Even in the throes of the coronavirus pandemic and a mismanaged economic austerity package, former President Rafael Correa’s bitter legacy of corruption and authoritarianism outweighed the promise of a return to the lavish social spending of the left-wing populist’s time in power.
That appears to be the takeaway from the surprise victory of conservative banker Guillermo Lasso, 65, in Ecuador’s hard-fought presidential runoff election on April 11. With the Andean nation’s economic model at stake—not to mention its free press and arguably its democracy—Lasso overturned a 13-point loss in the February first round to defeat Correa’s protégé, Andres Arauz, 52.4 percent to 47.6 percent.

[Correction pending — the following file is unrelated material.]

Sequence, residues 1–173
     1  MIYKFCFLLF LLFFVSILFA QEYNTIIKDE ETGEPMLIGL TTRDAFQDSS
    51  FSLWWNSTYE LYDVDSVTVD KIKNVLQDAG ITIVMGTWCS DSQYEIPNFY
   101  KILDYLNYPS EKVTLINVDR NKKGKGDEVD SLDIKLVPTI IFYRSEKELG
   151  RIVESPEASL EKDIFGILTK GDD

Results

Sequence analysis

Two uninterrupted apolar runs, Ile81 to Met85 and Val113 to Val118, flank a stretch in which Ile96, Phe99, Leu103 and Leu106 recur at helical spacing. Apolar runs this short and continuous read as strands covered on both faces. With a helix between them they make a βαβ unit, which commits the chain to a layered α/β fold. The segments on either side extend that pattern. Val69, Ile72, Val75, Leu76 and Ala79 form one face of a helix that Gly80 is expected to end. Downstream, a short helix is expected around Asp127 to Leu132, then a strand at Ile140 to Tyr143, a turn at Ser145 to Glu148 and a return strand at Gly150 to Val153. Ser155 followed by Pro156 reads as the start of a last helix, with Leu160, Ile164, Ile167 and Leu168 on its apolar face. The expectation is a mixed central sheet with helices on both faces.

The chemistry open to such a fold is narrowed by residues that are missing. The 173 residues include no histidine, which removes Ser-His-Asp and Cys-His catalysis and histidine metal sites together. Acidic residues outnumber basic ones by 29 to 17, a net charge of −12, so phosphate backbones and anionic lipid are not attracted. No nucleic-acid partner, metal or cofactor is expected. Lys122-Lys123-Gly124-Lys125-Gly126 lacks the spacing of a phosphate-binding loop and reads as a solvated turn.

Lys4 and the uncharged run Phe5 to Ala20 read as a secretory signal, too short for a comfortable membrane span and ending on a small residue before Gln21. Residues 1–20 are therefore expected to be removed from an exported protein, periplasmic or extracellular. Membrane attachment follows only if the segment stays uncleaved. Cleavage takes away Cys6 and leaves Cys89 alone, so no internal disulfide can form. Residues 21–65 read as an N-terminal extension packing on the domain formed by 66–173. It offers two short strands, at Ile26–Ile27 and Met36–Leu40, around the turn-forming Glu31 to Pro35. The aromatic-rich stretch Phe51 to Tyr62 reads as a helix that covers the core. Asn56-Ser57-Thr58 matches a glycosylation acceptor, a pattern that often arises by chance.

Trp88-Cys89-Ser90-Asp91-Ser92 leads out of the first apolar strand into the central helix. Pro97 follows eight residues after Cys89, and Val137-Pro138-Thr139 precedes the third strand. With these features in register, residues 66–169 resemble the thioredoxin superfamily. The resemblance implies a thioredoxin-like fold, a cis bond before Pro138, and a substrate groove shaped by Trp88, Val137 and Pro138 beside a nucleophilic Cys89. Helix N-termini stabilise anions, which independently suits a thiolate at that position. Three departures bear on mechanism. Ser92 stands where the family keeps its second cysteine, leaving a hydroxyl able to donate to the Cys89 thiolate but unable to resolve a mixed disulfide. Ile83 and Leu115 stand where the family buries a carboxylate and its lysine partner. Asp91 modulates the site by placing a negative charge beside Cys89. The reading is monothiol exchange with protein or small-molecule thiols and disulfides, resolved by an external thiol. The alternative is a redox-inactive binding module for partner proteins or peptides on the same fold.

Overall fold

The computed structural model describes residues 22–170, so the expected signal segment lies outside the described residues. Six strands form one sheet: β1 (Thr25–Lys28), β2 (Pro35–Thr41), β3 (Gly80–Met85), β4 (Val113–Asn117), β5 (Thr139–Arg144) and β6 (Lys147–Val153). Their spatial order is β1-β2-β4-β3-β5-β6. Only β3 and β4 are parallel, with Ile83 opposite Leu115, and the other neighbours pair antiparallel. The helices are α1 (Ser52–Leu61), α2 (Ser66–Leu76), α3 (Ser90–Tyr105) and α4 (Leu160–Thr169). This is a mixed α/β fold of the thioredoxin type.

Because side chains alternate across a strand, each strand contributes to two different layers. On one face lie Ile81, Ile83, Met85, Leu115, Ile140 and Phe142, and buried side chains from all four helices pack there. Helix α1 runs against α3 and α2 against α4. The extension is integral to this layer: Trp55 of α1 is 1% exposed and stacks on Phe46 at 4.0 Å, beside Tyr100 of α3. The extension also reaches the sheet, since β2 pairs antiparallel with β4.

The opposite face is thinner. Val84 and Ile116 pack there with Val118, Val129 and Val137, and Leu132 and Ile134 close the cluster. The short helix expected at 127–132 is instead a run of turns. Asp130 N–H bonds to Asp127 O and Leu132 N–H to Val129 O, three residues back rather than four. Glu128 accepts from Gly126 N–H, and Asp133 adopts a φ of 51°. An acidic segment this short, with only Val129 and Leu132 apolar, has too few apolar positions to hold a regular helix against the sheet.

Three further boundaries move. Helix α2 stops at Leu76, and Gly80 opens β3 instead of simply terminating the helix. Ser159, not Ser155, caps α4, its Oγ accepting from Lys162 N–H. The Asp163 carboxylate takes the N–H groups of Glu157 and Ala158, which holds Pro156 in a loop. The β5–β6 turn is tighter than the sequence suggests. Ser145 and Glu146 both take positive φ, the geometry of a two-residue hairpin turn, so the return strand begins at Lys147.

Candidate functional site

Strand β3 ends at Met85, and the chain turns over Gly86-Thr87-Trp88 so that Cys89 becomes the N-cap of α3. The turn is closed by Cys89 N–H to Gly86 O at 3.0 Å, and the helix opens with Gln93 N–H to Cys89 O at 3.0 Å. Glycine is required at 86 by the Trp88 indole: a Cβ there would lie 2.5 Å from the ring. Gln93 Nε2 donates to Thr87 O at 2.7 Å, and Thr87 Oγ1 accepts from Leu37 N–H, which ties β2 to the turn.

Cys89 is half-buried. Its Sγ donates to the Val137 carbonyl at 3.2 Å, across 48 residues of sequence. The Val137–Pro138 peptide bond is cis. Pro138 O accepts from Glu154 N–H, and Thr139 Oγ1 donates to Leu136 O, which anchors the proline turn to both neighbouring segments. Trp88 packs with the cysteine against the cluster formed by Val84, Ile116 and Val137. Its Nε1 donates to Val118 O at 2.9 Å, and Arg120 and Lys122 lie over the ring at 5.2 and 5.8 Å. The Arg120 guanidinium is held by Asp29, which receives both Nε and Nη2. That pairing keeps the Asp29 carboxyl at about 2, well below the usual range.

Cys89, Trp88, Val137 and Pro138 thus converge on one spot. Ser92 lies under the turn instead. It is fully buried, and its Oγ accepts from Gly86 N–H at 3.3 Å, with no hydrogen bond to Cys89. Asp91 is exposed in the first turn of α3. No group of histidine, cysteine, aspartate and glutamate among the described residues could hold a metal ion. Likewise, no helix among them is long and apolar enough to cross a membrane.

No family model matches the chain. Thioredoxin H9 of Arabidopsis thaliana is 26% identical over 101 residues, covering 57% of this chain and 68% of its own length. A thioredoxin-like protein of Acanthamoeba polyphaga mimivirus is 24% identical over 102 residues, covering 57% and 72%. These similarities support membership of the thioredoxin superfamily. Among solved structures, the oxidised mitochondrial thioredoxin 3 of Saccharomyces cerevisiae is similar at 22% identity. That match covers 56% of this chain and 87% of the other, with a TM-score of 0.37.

That points to a deepening—rather than a reversal—of the pro-business reforms begun by outgoing President Lenin Moreno. Ecuador as a society may also, perhaps, have an opportunity to come together in a way that would have been improbable had Arauz won. Although the 36-year-old economist sought to transmit a unifying message on the campaign trail, it was frequently overshadowed by Correa’s rageful social media outbursts—delivered from his exile in Belgium, his wife’s homeland—against his critics, vilifying individual journalists by name and claiming that there will not be “true democracy” in Latin America until the “media question” is resolved.